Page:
As the Midwest settles in for another potential polar vortex (the special time of year when an egg can double as a hammer) it may be time to ask: does Elizabeth Warren have a plan for this? Warren, and the rest of our Democratic frontrunners, have spent a total of 40 minutes discussing climate change during more than 12 hours of debate. Considering that many 2020 Democratic candidates have called climate change “an existential” threat to Americans today, that’s remarkably little discussion about what each candidate plans to do about it and how their policies differ. Unfortunately, the DNC has already rejected the idea of an official debate on climate change, despite activists’ demands. To make things worse, Governor Jay Inslee, the only candidate whose campaign centered around climate change, dropped out of the race in August.
The good news is that the lack of conversation isn’t for lack of platforms – all of the candidates have released comprehensive plans to address climate change. At first glance, their policies seem concurrent: net-zero emissions by 2050, recommitment to the Paris Agreement and investments in new clean energy jobs are common themes. Even Amy Klobuchar, arguably the most moderate Democratic candidate, has promised to take action in her first 100 days to restore and expand the Clean Power Act – without Congress.
But getting into the fine print, only about half of the candidates outright support the Green New Deal, and their proposed budgets for reaching net-zero emissions differ wildly. Bernie Sanders’ 16.3 trillion dollar plan for government spending to combat climate change has won the most accolades among environmental activists, but has also drawn criticism for ignoring the potential of nuclear energy and, the old adage of the conservatives, simply being “unnecessarily expensive”. On the other end, Elizabeth Warren has committed $4 trillion, Cory Booker has committed $3 trillion and Joe Biden has committed only $1.7 trillion. Not only do the candidates vary in proposed spending, each has also found their own angle on the issue: Pete Buttigieg has relied on his military experience to address the climate crisis in terms of national security, Booker has emphasized environmental justice for frontline communities like Flint, Michigan and Warren has attacked corporations for exacerbating environmental degradation.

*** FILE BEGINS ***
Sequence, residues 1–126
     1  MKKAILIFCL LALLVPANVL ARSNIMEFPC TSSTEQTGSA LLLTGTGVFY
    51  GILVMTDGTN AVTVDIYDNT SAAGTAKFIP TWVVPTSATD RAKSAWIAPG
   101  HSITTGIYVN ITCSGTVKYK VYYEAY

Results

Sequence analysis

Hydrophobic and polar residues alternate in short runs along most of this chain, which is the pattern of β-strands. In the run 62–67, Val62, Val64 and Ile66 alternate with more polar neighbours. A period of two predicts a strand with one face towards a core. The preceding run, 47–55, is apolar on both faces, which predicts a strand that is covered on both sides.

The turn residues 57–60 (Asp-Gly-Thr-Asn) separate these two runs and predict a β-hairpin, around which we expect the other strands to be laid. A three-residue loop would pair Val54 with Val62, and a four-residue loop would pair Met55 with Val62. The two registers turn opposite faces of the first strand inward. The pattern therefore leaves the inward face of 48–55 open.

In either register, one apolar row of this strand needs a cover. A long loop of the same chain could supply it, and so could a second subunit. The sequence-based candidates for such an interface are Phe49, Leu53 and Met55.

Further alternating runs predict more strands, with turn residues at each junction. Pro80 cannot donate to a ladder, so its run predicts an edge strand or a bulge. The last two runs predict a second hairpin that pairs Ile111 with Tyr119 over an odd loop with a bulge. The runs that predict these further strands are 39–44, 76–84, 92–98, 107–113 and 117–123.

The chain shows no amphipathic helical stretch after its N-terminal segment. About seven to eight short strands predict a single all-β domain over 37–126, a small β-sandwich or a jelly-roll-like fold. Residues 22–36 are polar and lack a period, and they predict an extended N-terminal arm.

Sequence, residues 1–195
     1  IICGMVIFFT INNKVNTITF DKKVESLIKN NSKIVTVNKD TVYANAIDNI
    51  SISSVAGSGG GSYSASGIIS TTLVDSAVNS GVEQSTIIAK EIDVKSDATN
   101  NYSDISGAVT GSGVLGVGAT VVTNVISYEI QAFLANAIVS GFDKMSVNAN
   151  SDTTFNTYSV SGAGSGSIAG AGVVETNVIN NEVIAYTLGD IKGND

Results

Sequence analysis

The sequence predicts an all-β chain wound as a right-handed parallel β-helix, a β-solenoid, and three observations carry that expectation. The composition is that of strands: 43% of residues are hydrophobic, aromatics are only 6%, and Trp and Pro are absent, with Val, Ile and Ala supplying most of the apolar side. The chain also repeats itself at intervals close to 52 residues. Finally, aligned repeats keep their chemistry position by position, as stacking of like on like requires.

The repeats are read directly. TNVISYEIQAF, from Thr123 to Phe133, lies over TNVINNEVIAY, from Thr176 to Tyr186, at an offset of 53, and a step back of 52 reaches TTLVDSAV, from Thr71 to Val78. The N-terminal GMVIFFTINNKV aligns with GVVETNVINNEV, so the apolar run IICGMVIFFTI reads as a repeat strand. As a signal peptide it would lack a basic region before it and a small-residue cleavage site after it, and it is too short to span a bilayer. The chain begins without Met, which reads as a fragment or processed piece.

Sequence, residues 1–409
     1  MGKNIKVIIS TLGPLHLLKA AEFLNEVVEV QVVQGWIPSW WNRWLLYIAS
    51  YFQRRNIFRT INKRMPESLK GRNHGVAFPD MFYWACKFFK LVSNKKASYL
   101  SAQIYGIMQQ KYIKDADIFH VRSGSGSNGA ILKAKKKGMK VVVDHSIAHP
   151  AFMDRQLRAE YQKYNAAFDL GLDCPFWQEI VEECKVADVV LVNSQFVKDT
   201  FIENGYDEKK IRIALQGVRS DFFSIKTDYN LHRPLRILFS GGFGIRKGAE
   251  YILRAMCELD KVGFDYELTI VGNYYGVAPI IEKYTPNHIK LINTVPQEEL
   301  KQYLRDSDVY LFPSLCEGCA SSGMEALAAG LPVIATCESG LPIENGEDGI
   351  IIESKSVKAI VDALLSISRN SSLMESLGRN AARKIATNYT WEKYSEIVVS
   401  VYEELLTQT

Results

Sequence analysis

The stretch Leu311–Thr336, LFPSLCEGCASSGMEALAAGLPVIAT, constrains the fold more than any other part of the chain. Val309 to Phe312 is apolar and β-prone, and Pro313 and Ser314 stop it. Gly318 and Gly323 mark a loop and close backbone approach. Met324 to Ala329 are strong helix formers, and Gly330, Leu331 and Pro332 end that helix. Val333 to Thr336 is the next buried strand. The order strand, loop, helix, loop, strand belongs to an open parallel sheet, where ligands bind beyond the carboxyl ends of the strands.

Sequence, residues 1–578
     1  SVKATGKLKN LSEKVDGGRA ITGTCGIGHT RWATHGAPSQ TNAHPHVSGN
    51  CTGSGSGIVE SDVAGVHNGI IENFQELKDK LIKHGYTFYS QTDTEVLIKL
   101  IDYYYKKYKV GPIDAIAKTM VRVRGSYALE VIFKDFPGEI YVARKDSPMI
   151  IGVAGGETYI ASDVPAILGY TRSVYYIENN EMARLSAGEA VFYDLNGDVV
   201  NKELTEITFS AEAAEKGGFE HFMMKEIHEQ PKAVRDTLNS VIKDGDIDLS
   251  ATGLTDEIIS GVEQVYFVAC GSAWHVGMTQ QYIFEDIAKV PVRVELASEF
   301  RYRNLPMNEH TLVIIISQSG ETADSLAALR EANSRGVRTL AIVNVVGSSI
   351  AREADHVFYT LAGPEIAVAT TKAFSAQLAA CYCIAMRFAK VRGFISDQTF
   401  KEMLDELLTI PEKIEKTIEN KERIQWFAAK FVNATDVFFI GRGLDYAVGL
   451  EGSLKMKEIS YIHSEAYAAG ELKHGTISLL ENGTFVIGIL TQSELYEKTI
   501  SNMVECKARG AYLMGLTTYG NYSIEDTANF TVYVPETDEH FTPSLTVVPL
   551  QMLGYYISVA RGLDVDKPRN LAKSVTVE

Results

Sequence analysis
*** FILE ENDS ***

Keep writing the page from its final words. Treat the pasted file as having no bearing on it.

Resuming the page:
But how can voters tell if the ambitious climate plans of the 2020 candidates will be effective? Anastasia Montgomery, Northwestern Ph.D. student and member of the university’s Climate Change Research Group, says it’s crucial to evaluate environmental policy from a “multi-sector approach”. This means that a policy that might at first seem solely beneficial to the environment, such banning gas vehicles in Chicago, can have unintended consequences. For example, electric vehicles would rely on increased usage of power plants.
“Instead of having bad air quality in the city of Chicago, we would end up transporting it out of Chicago and to the power plants around the city,” Montgomery said. “Then, that ends up affecting the communities there. Economists and climate scientists would call that leakage: you try to put a beneficial policy in place in one area, but then negatively affect a different area.”
Many have criticized policies like the Green New Deal for overstepping, by reaching beyond climate to issues like minimum wage and health care. The dawning political reality, however, is that combating climate change requires balancing and eliminating carbon emissions in every area of our economy.
However, despite the challenge, the Democratic candidates must step up to the plate during the presidential race and beyond when it comes to protecting the environment.
“We need to act like today is 2050,” Montgomery said.